Anno 1800 is a game of discovery, and I’m not just talking about the way you can explore the Old and New World to add new lands to your player area. I’m talking about the way the systems click into place, and questions you’re asking yourself get answered as you play and experiment. For example, printed on your player board is a tile which produces bricks if you use red worker cubes. There’s another brick tile you can buy and add to your board which uses a different colour worker cube, and I remember thinking “Why would I ever want that one?”. Later in the game, due to the industries I’d built, I found myself really wanting that new tile.
That moment, when something clicks in your brain, is delightful. You can see the things you want on the table in front of you, like a tempting cardboard buffet, but you’re not sure how to get them. When you finally get the infrastructure right on your board, it’s like the pins in a tumbler lock lining up. Everything falls into place, and it’s so satisfying. There is so much to build and make that you can play it over and over, and approach it differently each time. The basic necessities underpinning everything are the same each time, but the different options open to you feel like a proper tech tree from a computer game.
I want to talk about the components for a moment. I love the jigsaw-style main board, and the tiles that represent all of the buildings, boats, etc. are really well-made. But there are so many of them. The main board is a market to buy tiles from, and there are spots for 48 different kinds. That’s 48 individual piles of tiles on the board. FORTY-EIGHT. That’s in addition to the four decks of cards, the exploration tiles, the worker cubes, and the money tokens.
(this insert doesn't come with the game, I printed this one)
This shouldn’t be a problem, I’m reviewing the game after all, not the setup. It’s a genuine consideration though. Every time you set the game up, or pack it away afterwards, the tiles need sorting. Then you’re left with the choice of throwing them all in a big bag, like the world’s most bland pick-n-mix, or finding a ton of little baggies to sort them into. It became so annoying and time-consuming that I 3D-printed a box insert that doubles as a tile-holder.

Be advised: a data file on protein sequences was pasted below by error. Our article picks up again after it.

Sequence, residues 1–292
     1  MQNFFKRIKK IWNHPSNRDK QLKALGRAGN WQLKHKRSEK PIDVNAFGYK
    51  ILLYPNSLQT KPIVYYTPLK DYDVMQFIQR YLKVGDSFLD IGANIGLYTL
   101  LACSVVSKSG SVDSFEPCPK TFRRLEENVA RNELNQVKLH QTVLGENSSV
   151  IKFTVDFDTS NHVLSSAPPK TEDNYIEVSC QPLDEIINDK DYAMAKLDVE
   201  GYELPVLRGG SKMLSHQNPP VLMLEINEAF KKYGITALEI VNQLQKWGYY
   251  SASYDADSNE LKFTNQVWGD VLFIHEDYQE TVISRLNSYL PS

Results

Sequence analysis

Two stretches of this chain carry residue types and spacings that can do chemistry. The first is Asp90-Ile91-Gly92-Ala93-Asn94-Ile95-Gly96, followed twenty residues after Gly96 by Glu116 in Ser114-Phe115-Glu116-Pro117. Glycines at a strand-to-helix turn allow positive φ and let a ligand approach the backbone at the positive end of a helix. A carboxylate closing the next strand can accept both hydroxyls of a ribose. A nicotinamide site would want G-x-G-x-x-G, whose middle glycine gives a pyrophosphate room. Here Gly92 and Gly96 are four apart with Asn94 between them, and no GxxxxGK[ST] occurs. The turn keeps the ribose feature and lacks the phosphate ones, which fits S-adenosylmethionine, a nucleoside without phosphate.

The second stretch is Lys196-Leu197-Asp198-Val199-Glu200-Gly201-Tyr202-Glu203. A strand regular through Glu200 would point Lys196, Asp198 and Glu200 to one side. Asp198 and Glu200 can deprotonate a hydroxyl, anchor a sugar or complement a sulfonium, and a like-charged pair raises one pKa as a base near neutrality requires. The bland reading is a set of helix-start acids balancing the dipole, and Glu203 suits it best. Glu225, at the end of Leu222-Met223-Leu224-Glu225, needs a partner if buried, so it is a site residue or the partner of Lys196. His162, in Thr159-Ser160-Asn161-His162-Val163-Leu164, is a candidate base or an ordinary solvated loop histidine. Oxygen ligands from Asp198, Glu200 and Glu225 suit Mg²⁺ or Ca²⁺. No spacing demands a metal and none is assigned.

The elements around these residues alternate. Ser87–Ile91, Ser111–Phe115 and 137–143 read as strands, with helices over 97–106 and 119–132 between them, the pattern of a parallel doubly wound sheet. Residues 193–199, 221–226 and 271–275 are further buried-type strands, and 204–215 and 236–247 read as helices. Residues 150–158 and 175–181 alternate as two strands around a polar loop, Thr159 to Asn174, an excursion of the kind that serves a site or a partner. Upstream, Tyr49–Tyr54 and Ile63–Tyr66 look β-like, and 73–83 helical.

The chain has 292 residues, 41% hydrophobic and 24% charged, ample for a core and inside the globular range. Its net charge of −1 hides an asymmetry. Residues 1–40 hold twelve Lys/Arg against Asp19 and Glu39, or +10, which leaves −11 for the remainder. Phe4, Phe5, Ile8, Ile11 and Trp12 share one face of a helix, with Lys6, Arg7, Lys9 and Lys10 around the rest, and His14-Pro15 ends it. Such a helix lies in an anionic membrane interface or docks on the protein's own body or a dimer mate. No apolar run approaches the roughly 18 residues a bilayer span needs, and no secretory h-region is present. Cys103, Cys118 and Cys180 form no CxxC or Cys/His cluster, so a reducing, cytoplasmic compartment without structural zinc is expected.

I’m very happy to be able to tell you that Anno 1800 is an excellent game. I love the Anno PC games, and really admire Martin Wallace’s games, so I worried I’d be disappointed. These franchise tie-ins seldom deliver something great, but Anno 1800 does that rarest of things, and delivers on its implied promises. Not only is it a great game, it also manages to feel like Anno 1800. It’s a heck of an achievement.
The number of tiles in the box bothers me, as you might have noticed. When you consider that the game on its own is going to take you a good couple of hours to play, the fiddliness of trying to place nearly 50 stacks of tiles on a board without much space between them is a pain. Definitely set this one up before people arrive for game night.
Anno 1800 is a pretty heavy game, and without the friendly easing-in that the video game gives by way of tutorials, it’s one which might be just too much for some people. Understanding how the various tiles and cards work together takes a little time, but it’s worth the investment. I’ve got other engine/tableau building games, but none feel quite like this. If you’ve got the three hours you’ll likely need to setup, play, and put the game away, Anno 1800 is very, very good. Another potential Martin Wallace classic, and a must for fans of the franchise.